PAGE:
3 12 2014 reflection 5a

The cold rain finally ended as I skirted the swan pond and paused under the cherry trees.  Their blossoms were bruised and torn, and a brownish-pink film covered the trunks and the ground.  

The cygnets had not arrived yet, so while “Miller” eyed me warily he did not hiss or attack.  And “Seville” dozed on her nest.   

The world reeked of mud, and worms, and decay.

I was cold, I was miserable, and my feet were already damp.  So I was less than pleased with the ankle-deep puddle commanding the path.  There was no walking around it either: deep muck oozed on both sides. 

in [just] spring –
seems overrated

Thankfully I never crossed campus without my Walkman.    And as I waded into the puddle (with a grimace) Jim Morrison started to moan and shriek and chant in my ear.

“You know the day destroys the nightnight divides the day –”

Okay, I’ll admit it:  Jim Morrison’s voice does weird stuff to me.  I can’t embrace a grand majority of his ideas – but – I was “in a mood” that day.  Was it a whim?  Or a rebellion?  I don’t know.  Something in his voice made me stop in the middle of that puddle. 

I gazed into the water – and there – there! – I saw old autumn leaves in chocolate and chestnut.  I saw golden pine needles. I saw cherry blossoms that had been soaked translucent.  And then – then! – the clouds parted and gleaming white herds blossomed over the water. 

And Jim kept chanting:

“Break on through … break on through … break on through …
…hey … hey … hey … hey… hey …”

And all I could do was stand there – shivering – shuddering – feeling unhinged.  

spring puddles haiga

spring puddles
[  the sky  ]

Carpe Diem #681:  Puddles


29 thoughts on “puddles (haiga / haibun)

  1. Again, effective use of brackets in your haiku here.

    And I especially like the ‘visionary’ part of the haibun:
    “I saw old autumn leaves in chocolate and chestnut. I saw golden pine needles. I saw cherry blossoms that had been soaked translucent.”

    And Jim, of course 🙂


    • Can’t go wrong with Jim, right? 😉

      Glad you liked the visionary portion. I love the repetition, the rhythm. It seemed to work very well here.
      And — your “once” haiku is so well done — longer comment on your blog though. 🙂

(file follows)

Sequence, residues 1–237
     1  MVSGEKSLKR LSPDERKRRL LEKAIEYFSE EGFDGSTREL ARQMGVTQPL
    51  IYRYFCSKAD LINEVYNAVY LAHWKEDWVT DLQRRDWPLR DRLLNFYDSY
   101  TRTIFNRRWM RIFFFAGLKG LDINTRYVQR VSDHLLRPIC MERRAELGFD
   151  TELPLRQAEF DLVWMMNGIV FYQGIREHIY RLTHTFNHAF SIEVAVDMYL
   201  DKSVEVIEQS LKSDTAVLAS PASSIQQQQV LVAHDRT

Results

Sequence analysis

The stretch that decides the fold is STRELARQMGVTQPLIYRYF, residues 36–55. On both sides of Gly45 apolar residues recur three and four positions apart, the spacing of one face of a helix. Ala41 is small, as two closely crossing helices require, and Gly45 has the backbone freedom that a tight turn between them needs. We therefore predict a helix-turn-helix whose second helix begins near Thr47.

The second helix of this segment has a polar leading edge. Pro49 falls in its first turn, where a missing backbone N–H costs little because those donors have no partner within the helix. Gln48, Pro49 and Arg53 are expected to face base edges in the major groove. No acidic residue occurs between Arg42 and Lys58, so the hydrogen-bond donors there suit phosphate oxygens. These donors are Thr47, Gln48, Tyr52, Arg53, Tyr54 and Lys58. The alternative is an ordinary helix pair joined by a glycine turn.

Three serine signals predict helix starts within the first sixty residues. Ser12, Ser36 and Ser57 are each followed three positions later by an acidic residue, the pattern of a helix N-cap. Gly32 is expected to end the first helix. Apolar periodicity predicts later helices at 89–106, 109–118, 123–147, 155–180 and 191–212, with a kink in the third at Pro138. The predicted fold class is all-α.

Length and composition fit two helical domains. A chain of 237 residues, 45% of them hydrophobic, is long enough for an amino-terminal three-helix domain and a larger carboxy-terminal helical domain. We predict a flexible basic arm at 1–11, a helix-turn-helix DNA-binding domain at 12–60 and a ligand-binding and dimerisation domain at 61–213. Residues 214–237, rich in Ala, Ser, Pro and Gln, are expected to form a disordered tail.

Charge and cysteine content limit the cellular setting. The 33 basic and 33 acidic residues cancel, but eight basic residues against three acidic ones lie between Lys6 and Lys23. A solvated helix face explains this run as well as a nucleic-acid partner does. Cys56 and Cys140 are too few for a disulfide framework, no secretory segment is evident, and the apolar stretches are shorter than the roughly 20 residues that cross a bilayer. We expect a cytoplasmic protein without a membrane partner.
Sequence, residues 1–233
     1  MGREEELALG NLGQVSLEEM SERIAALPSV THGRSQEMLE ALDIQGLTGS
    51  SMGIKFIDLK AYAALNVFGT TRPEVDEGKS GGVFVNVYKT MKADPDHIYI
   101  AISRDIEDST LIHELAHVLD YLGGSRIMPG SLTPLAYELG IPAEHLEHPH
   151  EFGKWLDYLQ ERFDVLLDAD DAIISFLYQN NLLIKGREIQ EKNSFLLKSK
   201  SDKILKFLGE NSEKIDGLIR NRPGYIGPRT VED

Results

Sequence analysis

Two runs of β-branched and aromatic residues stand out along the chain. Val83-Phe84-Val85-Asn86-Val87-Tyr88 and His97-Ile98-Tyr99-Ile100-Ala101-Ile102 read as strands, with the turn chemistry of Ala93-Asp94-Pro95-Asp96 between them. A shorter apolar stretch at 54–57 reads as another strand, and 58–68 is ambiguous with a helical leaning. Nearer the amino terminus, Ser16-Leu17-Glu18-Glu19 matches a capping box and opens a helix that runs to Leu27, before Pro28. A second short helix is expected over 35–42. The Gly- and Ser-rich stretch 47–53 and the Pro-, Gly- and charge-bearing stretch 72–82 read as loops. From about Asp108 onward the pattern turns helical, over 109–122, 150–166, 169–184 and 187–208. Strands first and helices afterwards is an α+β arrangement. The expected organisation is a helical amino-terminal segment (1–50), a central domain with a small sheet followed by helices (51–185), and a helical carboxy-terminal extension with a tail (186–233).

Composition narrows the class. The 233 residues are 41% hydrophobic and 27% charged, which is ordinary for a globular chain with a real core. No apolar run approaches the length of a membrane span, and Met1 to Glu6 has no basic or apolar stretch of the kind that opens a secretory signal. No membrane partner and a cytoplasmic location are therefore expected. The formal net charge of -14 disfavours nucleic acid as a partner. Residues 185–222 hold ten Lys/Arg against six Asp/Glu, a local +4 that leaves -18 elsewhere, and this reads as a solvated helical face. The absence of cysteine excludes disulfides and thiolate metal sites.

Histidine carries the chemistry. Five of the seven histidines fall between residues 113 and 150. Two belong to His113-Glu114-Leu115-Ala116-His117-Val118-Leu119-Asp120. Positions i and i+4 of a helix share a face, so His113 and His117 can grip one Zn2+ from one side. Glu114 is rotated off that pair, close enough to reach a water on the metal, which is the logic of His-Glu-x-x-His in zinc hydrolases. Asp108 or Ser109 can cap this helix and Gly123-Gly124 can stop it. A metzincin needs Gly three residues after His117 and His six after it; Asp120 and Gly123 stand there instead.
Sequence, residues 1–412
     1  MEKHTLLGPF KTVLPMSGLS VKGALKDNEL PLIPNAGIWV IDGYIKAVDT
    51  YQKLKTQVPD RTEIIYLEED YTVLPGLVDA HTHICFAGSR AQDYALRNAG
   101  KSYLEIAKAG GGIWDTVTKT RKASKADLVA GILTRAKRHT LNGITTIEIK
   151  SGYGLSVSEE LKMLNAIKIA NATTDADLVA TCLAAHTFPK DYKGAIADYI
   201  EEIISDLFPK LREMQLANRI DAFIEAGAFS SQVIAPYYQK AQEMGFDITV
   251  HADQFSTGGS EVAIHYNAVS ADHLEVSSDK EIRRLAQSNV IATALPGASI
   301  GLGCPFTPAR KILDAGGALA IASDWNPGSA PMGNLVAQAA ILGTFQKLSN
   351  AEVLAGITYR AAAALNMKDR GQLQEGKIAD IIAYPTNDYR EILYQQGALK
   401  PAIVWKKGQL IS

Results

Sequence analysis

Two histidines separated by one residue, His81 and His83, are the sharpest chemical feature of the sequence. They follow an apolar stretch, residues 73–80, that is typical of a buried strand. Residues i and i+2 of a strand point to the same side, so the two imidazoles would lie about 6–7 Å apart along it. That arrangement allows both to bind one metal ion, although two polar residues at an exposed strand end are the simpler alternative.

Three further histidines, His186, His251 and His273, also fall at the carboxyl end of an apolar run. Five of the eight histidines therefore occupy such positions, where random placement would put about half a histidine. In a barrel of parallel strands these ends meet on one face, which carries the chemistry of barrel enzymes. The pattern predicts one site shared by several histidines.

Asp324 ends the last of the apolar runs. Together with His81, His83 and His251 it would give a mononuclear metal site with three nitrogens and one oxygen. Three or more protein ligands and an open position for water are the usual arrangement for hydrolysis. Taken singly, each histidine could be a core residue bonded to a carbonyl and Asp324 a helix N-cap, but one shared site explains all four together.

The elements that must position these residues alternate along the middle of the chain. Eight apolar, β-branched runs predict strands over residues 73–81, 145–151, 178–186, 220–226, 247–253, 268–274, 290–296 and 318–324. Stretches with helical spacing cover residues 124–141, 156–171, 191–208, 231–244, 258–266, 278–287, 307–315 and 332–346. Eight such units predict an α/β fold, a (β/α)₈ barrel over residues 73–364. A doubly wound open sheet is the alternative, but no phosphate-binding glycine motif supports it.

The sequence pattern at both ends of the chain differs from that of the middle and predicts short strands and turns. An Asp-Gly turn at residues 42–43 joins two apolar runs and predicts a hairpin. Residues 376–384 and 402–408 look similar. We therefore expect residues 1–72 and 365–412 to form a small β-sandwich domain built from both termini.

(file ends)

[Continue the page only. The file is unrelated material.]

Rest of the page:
2. Delightful haibun … only you can take a muddy situation and turn it into a moment of vibrant art! Cool the Jim Morrison reference and … e e cummings no less!


    • Thanks Georgia! Glad it worked. Had reservations for a bit …. should I repost or does it need more work … and can I ever explain / capture that moment fully. Art? What an awesome compliment 😀

      I think of cummings every time I see mud. “Nope, sorry mr cummings …. not feeling the joy here…” LOL!
      But it was such an odd moment — you know, hearing that song — instantly being transported. Can’t explain it. Felt so unhinged.

      Break on through …. break on through …. break on through ….

      Broke through SOMETHING …..! 😛


      • It’s cool haw our subconscious talks to us through music and memories giving us indications of what to do … or maybe not 😉 cummings was an odd bird .. oh uhm .. mr cummings. I thought it was so cool when I was learning about his haphazard punctuation and no capitals etc.


        • Oh, he was indeed an odd bird!
          And they start you out with “in just-” (spring) and buffalo bill — but when you reach “i sing of olaf” it’s like, “where did THIS come from”!?!?

          Wonder what he could have done with haiku 😉


    • Oh, it was *strange* indeed! You may be right – no analysis, no explanation — a moment that just *was*.
      And is.

      Thanks for taking this journey with me 🙂


  3. wow – I’m impressed. Jim Morrison makes me feel unhinged too. I love the images you have used for your haiga and the second haiku is mysterious, melancholy and yet somehow transcendent. Great stuff.


    • Thanks Suzanne — this is so encouraging!!!

      Another experiment — ! Sort of fusing the jazz-haiku lesson with the free-style lesson 😉

      It’s great that you understand — there was something so odd about that moment — to this day I can’t hear “Break on Through” without remembering standing ankle-deep in a beautiful puddle on a muddy, yukky, stinky day. o.O


      • Love it – Jim Morrison affected me when I was young too. Still does a bit. Riders of the Storm was the one that sent me 🙂


        • Oh, YES! That song gets to me too.

          I was telling Blake a while back — was driving through Gettysburg when I spied this huge group of vultures riding an updraft. And Riders on the Storm was playing on the radio. And there’s a haiku in that — it HAS to be done — but I haven’t had the right opportunity yet.

          Anyway— I’m rambling. Very glad you liked it – and that you understand!

          Liked by 1 person

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